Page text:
The best measure of a firm's ability to create value for shareholders is expressed by comparing its return on invested capital with its weighted average cost of capital. The gap or difference between ROIC and WACC is called the firm's economic profit spread. Kinder Morgan Partners' 3-year historical return on invested capital (without goodwill) is 12.8%, which is above the estimate of its cost of capital of 9.7%. As such, we assign the firm a ValueCreation™ rating of GOOD. In the chart below, we show the probable path of ROIC in the years ahead based on the estimated volatility of key drivers behind the measure. The solid grey line reflects the most likely outcome, in our opinion, and represents the scenario that results in our fair value estimate.
Cash Flow Analysis
Firms that generate a free cash flow margin (free cash flow divided by total revenue) above 5% are usually considered cash cows. Kinder Morgan Partners' free cash flow margin has averaged about 38.1% during the past 3 years. As such, we think the firm's cash flow generation is relatively STRONG. The free cash flow measure shown above is derived by taking cash flow from operations less capital expenditures and differs from enterprise free cash flow (FCFF), which we use in deriving our fair value estimate for the company. For more information on the differences between these two measures, please visit our website at Valuentum.com. At Kinder Morgan Partners, cash flow from operations increased about 79% from levels registered two years ago, while capital expenditures expanded about 168% over the same time period.
We think Kinder Morgan Partners' shares are worth $89 per share. Shares are worth $80 each at the time of this writing. Our model reflects a compound annual revenue growth rate of 8.9% during the next five years, a pace that is lower than the firm's 3-year historical compound annual growth rate of 15.8%. Our model reflects a 5-year projected average operating margin of 15.7%, which is below Kinder Morgan Partners' trailing 3-year average. Beyond year 5, we assume free cash flow will grow at an annual rate of 1.2% for the next 15 years and 3% in perpetuity. For Kinder Morgan Partners, we use a 9.7% weighted average cost of capital to discount future free cash flows. Though we note that any asset is worth the present value of its future free cash flows, investors should be cognizant of Kinder Morgan's sensitivity to interest rates. Should interest rates advance significantly, not only would a higher discount rate be appropriate in the valuation, but investors may opt for higher-yielding riskless assets to achieve income goals.
We understand the critical importance of assessing firms on a relative value basis, versus both their industry and peers. Many institutional money managers - those that drive stock prices - pay attention to a company's price-to-earnings ratio and price-earnings-to-growth ratio in making buy/sell decisions. With this in mind, we have included a forward-looking relative value assessment in our process to further augment our rigorous discounted cash flow process. If a company is undervalued on both a price-to-earnings ratio and a price-earnings-to-growth ratio versus industry peers, we would consider the firm to be attractive from a relative value standpoint. For relative valuation purposes, we compare Kinder Morgan Partners to peers Energy Transfer Partners (NYSE:ETP) and NuStar (NYSE:NS).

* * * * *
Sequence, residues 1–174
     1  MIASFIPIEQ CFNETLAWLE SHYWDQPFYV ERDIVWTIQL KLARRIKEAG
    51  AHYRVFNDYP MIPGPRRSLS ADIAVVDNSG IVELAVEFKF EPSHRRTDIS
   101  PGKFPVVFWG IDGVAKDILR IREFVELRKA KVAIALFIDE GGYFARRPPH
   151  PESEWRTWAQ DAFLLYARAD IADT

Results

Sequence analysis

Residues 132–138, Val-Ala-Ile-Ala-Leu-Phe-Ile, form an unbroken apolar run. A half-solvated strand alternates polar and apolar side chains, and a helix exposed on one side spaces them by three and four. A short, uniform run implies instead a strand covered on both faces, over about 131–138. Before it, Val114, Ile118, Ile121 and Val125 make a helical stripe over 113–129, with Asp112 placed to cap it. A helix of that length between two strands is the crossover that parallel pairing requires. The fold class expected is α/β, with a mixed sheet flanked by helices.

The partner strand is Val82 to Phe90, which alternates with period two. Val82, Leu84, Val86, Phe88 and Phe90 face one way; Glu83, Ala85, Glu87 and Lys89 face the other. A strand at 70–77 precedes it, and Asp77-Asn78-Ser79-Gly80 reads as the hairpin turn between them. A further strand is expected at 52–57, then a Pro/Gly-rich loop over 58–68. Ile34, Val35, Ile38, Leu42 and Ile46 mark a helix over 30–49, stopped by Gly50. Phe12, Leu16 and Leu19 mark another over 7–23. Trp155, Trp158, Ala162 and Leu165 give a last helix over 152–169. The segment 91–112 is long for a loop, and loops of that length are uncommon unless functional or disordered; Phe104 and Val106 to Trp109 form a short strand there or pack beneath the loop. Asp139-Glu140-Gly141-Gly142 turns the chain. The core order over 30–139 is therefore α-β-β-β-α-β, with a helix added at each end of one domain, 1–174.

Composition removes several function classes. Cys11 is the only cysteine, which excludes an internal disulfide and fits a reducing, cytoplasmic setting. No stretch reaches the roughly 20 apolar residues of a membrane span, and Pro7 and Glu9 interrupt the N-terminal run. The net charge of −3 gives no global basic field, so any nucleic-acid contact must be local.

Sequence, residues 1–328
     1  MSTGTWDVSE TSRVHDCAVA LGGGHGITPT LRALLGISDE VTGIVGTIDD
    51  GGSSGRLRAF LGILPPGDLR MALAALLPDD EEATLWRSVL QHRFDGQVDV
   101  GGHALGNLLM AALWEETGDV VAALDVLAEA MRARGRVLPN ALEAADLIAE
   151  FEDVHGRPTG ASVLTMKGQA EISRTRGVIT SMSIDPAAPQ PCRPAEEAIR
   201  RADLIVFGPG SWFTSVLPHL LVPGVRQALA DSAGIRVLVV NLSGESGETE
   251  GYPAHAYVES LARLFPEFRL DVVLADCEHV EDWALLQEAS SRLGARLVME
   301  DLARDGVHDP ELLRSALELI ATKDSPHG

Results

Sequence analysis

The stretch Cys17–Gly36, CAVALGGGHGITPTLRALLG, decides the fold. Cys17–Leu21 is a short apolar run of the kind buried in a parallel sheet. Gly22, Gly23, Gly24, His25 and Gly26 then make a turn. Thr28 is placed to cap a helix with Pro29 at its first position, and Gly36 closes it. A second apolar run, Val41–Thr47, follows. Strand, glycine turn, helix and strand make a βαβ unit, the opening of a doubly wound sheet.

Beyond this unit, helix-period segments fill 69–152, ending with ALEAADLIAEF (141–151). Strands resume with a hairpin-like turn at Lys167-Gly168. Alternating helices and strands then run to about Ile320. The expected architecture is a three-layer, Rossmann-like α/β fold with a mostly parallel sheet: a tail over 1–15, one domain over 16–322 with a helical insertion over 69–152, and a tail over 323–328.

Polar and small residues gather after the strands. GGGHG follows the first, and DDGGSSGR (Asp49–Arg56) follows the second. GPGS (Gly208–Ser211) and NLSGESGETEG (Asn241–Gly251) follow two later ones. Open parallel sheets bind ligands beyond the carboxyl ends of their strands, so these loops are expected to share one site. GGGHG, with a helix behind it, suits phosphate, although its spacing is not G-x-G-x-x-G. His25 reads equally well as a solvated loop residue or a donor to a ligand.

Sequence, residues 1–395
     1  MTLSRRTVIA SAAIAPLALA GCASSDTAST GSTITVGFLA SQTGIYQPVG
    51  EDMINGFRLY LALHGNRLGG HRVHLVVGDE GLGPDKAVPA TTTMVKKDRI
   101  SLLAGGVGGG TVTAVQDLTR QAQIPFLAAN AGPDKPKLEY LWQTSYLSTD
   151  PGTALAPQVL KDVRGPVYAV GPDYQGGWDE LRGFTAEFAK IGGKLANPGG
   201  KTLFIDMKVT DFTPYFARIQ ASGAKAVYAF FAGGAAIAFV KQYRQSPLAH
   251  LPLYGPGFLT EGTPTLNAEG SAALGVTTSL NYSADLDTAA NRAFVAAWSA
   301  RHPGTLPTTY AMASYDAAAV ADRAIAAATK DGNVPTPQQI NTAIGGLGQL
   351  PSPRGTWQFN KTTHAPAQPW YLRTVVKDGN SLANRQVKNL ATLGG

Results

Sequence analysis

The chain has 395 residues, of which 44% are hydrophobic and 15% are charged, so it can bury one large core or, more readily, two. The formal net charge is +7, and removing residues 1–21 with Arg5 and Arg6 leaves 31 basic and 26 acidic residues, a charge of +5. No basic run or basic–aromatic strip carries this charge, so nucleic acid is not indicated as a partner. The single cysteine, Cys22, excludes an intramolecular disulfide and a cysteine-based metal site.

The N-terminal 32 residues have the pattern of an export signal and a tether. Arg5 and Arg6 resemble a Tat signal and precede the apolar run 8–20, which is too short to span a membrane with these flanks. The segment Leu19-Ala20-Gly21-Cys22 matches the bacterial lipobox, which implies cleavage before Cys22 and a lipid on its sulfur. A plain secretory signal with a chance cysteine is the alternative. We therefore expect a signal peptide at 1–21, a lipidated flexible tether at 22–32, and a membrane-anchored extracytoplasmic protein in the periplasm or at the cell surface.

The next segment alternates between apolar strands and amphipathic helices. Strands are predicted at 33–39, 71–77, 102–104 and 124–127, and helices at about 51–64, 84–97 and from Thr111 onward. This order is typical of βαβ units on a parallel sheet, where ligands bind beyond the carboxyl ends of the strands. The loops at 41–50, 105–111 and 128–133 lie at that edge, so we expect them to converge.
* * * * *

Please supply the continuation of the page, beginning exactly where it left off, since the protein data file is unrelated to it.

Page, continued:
Margin of Safety Analysis
Our discounted cash flow process values each firm on the basis of the present value of all future free cash flows. Although we estimate the firm's fair value at about $89 per share, every company has a range of probable fair values that's created by the uncertainty of key valuation drivers (like future revenue or earnings, for example). After all, if the future was known with certainty, we wouldn't see much volatility in the markets as stocks would trade precisely at their known fair values. Our ValueRisk™ rating sets the margin of safety or the fair value range we assign to each stock. In the graph below, we show this probable range of fair values for Kinder Morgan Partners. We think the firm is attractive below $71 per share (the green line), but quite expensive above $107 per share (the red line). The prices that fall along the yellow line, which includes our fair value estimate, represent a reasonable valuation for the firm, in our opinion.
Future Path of Fair Value
We estimate Kinder Morgan Partners' fair value at this point in time to be about $89 per share. As time passes, however, companies generate cash flow and pay out cash to shareholders in the form of dividends. The chart below compares the firm's current share price with the path of Kinder Morgan Partners' expected equity value per share over the next three years, assuming our long-term projections prove accurate. The range between the resulting downside fair value and upside fair value in Year 3 represents our best estimate of the value of the firm's shares three years hence. This range of potential outcomes is also subject to change over time, should our views on the firm's future cash flow potential change. The expected fair value of $99 per share in Year 3 represents our existing fair value per share of $89 increased at an annual rate of the firm's cost of equity less its dividend yield. The upside and downside ranges are derived in the same way, but from the upper and lower bounds of our fair value estimate range.
Pro Forma Financial Statements
In the spirit of transparency, we show how the performance of the Valuentum Buying Index has stacked up per underlying score as it relates to firms in the Best Ideas portfolio. Past results are not a guarantee of future performance.
Disclosure: The author has no positions in any stocks mentioned, and no plans to initiate any positions within the next 72 hours. The author wrote this article themselves, and it expresses their own opinions. The author is not receiving compensation for it (other than from Seeking Alpha). The author has no business relationship with any company whose stock is mentioned in this article.
Additional disclosure: KMP is included in the Dividend Growth portfolio.